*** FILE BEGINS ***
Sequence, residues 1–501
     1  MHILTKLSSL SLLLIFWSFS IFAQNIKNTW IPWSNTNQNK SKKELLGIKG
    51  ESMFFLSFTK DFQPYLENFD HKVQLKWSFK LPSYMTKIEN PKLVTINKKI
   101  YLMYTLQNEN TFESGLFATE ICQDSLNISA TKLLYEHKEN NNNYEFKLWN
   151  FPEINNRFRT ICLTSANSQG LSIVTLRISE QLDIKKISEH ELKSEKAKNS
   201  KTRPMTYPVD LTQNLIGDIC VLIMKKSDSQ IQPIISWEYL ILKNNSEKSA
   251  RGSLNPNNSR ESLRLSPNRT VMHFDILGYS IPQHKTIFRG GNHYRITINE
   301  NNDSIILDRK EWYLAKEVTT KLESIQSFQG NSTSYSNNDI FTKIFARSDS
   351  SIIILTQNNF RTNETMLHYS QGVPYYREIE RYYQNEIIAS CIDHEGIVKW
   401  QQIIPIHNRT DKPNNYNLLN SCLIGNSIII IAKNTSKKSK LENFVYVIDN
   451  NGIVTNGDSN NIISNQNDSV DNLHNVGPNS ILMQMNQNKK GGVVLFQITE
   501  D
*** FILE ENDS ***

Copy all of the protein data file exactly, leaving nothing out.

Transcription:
Sequence, residues 1–501
     1  MHILTKLSSL SLLLIFWSFS IFAQNIKNTW IPWSNTNQNK SKKELLGIKG
    51  ESMFFLSFTK DFQPYLENFD HKVQLKWSFK LPSYMTKIEN PKLVTINKKI
   101  YLMYTLQNEN TFESGLFATE ICQDSLNISA TKLLYEHKEN NNNYEFKLWN
   151  FPEINNRFRT ICLTSANSQG LSIVTLRISE QLDIKKISEH ELKSEKAKNS
   201  KTRPMTYPVD LTQNLIGDIC VLIMKKSDSQ IQPIISWEYL ILKNNSEKSA
   251  RGSLNPNNSR ESLRLSPNRT VMHFDILGYS IPQHKTIFRG GNHYRITINE
   301  NNDSIILDRK EWYLAKEVTT KLESIQSFQG NSTSYSNNDI FTKIFARSDS
   351  SIIILTQNNF RTNETMLHYS QGVPYYREIE RYYQNEIIAS CIDHEGIVKW
   401  QQIIPIHNRT DKPNNYNLLN SCLIGNSIII IAKNTSKKSK LENFVYVIDN
   451  NGIVTNGDSN NIISNQNDSV DNLHNVGPNS ILMQMNQNKK GGVVLFQITE
   501  D